The program covers; basic obedience and behaviour shaping as well as current research and theory into the benefits and techniques of AAI and AAT. And when they say intensive, they mean intensive!

Rory and I worked hard that week! But on the first day she went from a dog who would sit on command if she felt like it and hold it for as long as she deemed necessary (like most pets!) to a dog that would reliably sit on first command and stay there until released. It was astounding!

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Rory and her friends holding a sit-step away.

They showed us video at the beginning of the week of a group of dogs all holding a drop pose in a large group under insane levels of distraction (ride on mowers driving past, squeaky toys being held in front of them, food being thrown on the ground around them) and told us that our dogs would be able to do that by the end of the week. We all laughed and looked at them like they were crazy, but by the third day, our dogs were holding drop for an hour at a time while we had a leisurely lunch right in front of them!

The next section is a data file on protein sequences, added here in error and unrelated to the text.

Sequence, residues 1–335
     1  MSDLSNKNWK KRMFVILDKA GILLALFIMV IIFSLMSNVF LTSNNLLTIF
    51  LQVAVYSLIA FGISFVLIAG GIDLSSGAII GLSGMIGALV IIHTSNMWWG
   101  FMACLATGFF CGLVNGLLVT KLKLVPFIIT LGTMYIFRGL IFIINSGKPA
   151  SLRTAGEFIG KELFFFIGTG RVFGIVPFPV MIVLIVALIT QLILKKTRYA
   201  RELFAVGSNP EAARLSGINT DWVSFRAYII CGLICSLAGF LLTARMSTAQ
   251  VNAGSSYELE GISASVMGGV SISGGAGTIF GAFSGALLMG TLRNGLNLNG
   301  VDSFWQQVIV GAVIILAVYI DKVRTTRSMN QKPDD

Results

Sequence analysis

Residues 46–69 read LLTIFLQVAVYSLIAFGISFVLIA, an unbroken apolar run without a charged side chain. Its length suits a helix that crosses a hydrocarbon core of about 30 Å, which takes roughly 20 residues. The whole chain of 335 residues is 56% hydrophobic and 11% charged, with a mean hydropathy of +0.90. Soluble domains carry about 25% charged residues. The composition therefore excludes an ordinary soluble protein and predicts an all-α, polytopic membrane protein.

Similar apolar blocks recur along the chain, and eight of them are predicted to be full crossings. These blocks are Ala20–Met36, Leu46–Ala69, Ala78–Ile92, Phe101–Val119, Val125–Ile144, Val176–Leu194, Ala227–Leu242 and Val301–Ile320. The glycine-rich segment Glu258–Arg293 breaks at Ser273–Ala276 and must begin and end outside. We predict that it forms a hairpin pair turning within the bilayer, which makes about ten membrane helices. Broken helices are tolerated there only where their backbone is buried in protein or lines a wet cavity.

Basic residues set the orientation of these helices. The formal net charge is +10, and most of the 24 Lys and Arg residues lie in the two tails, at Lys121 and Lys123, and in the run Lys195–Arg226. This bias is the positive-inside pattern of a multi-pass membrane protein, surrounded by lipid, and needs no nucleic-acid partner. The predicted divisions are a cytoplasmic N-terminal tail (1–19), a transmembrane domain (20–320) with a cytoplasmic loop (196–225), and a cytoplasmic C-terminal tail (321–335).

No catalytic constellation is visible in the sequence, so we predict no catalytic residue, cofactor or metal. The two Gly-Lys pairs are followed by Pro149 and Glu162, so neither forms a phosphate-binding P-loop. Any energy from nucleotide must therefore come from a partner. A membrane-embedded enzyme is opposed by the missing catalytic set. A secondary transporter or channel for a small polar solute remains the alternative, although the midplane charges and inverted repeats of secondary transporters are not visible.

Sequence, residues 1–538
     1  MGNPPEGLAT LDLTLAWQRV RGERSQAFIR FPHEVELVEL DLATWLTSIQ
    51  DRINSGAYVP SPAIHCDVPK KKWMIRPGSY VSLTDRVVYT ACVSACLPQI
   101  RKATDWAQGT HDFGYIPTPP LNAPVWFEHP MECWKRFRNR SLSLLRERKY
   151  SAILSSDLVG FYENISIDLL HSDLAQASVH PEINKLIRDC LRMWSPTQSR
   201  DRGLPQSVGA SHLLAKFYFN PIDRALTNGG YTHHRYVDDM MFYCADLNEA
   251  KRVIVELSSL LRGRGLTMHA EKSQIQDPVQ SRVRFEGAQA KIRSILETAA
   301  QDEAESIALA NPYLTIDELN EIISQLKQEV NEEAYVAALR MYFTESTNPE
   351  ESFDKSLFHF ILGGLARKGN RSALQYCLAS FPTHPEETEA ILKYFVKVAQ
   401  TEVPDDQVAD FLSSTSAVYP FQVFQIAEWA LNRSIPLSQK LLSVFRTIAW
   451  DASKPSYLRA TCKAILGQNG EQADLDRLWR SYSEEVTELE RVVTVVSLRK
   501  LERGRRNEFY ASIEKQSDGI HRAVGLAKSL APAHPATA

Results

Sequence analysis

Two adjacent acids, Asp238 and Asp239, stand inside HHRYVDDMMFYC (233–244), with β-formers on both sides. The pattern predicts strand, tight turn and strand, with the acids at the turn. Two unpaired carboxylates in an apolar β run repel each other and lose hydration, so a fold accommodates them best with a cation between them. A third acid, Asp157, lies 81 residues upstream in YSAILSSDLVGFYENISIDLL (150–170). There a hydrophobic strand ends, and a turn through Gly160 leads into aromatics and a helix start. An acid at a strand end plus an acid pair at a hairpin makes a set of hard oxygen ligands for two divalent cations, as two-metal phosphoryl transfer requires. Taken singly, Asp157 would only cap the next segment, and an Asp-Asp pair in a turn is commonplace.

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Holding a drop step-away over lunch.

And by the end of the week, sure enough, we knew how to hold their attention under all kinds of distraction!

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Holding drop step-aways while Head Trainer Greg drives a tractor around them!